Towards the final act of the episode, Catherine options that Narcisse’s private army be used for the rescue operation. It’s a clear ploy by the writers to scuttle Narcisse back into court, which is fine because Narcisse is such a joy while he’s openly and secret plotting at the same time within the court’s walls. But just because a certain end goal is in sight doesn’t mean that the road taken to get there has to more haphazard than trying to drive down each and every single one of the world’s most hazardous highways. Outside of the ridiculousness that got Narcisse’s army back into the picture, the pairing of Catherine and Narcisse is simply perfect. While I roll my eyes fastidiously at any suggestion that Narcisse is as wily as Catherine, the two have a rapport that simply cannot be matched anywhere else. They see past the stupidity that is so ardently abundant around the castle, observing the darkest corners, reading in between all of the political lines all while plotting several maneuvers to outwit everyone around them. Years of practice certainly can do so and it is by far the most tantalizing story bit the show has thrown at the audience in recent days.
Because this has to be covered, ugh, Condé. His romance with Mary has simply never worked and frankly it’s insulting that the show thinks the audience will fall for a romance that’s faker than anything Nicholas Sparks has ever written. But he does screw himself over royally and if that leads to Condé’s head being chopped off in a public French square, that would simply be fantastic. After him and Mary discuss the boundaries of their relationship for about the fifteenth time, he decides to go off and marry Queen Elizabeth. It’s the smartest move Condé has ever displayed on this show and it makes perfect sense. Remaining in France would surely provoke Francis into chopping his head off or hanging him and anything sounds better than those two options. To be fair, his other choice is to become the King of England so once again, the sympathy is a bit hard to come by. He marries Elizabeth by proxy, the broadsword on their marital bed symbolizing that he is now promised to the English queen but he may not bed the proxy herself. The entire affair, which seemed morbidly dubious from the start, suddenly goes south and everyone involved in the wedding is slaughtered. Louis is cut off by the English diplomat, who won’t support him any further until Queen Elizabeth gives him further direction but simultaneously makes it clear that he’s basically doomed in the snowy forest around him.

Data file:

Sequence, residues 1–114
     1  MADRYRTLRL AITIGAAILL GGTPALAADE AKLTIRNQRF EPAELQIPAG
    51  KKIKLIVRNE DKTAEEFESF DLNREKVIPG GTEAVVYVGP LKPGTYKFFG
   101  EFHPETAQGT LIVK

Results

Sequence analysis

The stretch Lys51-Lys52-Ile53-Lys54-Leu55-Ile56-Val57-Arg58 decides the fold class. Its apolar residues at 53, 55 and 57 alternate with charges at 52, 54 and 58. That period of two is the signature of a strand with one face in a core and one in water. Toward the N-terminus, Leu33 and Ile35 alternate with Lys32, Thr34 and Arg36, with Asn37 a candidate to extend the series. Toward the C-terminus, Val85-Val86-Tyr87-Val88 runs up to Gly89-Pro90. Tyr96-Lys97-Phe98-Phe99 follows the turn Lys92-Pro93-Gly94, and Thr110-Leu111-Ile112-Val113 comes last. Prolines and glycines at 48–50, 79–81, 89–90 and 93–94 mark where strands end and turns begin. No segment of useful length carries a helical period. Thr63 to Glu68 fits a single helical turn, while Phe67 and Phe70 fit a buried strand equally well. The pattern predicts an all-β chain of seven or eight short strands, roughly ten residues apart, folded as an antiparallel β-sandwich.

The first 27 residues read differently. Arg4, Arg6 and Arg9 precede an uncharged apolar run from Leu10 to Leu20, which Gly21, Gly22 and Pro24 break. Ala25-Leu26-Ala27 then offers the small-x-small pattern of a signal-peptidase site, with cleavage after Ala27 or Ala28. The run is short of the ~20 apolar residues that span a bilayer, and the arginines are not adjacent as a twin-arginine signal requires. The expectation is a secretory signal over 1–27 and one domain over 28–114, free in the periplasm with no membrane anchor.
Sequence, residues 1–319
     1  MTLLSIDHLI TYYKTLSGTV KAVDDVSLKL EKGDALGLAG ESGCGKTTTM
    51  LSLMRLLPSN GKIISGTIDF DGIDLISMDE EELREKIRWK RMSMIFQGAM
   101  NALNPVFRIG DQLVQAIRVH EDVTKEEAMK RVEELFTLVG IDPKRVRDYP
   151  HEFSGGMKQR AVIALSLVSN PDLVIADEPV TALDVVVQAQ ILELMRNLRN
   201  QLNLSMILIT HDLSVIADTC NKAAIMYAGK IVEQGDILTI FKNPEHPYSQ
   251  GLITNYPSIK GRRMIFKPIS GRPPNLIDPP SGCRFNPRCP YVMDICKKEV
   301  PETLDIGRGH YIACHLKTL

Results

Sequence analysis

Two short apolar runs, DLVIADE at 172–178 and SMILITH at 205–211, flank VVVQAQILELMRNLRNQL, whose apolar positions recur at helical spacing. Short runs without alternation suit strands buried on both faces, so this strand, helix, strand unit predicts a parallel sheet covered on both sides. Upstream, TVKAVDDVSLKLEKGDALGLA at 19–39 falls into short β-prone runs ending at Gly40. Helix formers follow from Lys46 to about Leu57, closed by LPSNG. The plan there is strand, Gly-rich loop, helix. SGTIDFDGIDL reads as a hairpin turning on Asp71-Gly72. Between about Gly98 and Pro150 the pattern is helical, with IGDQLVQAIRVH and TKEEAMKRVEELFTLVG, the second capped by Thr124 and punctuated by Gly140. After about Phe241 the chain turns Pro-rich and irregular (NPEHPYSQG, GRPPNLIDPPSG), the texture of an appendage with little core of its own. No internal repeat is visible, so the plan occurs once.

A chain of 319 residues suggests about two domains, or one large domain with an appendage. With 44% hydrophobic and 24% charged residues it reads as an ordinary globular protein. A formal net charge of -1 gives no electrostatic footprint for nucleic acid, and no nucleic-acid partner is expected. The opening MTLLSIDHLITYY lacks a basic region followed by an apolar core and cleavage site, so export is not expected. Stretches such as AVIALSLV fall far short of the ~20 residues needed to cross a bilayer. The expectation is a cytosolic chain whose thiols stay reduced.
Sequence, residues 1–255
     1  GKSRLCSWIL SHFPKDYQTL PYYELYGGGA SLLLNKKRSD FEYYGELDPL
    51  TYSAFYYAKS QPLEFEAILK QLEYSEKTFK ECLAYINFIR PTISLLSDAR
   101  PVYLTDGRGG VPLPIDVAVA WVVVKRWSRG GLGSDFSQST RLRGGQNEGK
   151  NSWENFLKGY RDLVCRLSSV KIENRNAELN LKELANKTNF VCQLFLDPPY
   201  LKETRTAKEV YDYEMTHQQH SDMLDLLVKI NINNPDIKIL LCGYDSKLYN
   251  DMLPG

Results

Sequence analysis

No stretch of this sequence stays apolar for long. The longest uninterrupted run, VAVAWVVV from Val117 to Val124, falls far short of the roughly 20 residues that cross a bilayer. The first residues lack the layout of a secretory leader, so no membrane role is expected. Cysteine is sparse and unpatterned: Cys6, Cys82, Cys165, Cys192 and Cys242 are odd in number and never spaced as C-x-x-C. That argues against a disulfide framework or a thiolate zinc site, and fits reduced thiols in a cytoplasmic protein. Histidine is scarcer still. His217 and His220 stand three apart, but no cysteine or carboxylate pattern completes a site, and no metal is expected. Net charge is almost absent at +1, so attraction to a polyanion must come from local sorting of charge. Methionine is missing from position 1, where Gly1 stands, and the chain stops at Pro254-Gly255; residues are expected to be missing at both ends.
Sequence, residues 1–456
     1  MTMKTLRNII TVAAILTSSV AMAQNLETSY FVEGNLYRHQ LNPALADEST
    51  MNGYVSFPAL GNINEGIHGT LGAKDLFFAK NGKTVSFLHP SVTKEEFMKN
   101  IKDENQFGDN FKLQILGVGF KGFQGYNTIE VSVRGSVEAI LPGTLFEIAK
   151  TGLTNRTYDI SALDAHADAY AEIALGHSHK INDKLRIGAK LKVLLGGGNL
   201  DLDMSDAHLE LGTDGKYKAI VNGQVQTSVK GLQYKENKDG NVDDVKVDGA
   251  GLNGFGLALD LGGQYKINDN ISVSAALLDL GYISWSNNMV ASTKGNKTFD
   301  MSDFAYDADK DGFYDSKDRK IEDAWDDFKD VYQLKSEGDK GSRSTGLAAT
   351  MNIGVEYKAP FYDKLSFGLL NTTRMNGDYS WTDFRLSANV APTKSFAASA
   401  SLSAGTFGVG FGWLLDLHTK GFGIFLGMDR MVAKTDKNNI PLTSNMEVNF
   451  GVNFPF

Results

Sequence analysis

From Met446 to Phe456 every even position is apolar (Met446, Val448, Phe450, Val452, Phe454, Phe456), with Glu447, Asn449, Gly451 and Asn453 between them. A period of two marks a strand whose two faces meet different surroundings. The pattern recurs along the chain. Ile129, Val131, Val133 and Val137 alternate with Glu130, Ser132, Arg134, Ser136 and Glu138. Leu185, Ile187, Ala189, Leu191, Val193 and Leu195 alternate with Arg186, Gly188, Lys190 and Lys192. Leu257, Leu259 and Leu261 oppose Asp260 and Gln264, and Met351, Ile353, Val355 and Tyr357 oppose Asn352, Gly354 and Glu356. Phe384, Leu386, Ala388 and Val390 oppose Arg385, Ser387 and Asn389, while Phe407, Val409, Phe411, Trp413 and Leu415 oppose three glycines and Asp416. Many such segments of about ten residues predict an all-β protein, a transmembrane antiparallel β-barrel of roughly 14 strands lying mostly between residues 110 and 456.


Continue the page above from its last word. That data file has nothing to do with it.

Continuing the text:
Great/Not So Great Moments Not Mentioned Above:
+“You don’t have any friends.”
+“Well, does this friend have a name? Breasts? A vagina?” Kenna will be here all week, folks.
+Catherine and Mary view Louis as taking advantage of Mary at a vulnerable moment?
+“Do you never stop calculating?”
+“I’m in charge of my life for the very first time.” I LOVE Greer’s storyline this season. Thank goodness for her ferocious independence.
+Champagne at the ready
+“We’re all basically fallen women…to hell with what people think.” **** yeah, Greer!
+“Is it possible you might be confusing gratitude with love?” Lola, once again dispensing sage advice to people who sorely need it.
+Catherine’s spy noticing Narcisse flirting with Lola
+“Queen Elizabeth’s new King consort would be a prize captive for any Frenchman.”
+“Did you do this, Catherine?”
+“Did you, in some way?”
+“Is this how it’s going to be from now on? Both of us constantly wondering what the other is up to?”
-“Did I do right by you?”
-“These past few weeks without you…” Ugh.
Written By: Nancy Won & Robert Doty
Directed By: Deborah Chow
Image Courtesy: Spoilers Guide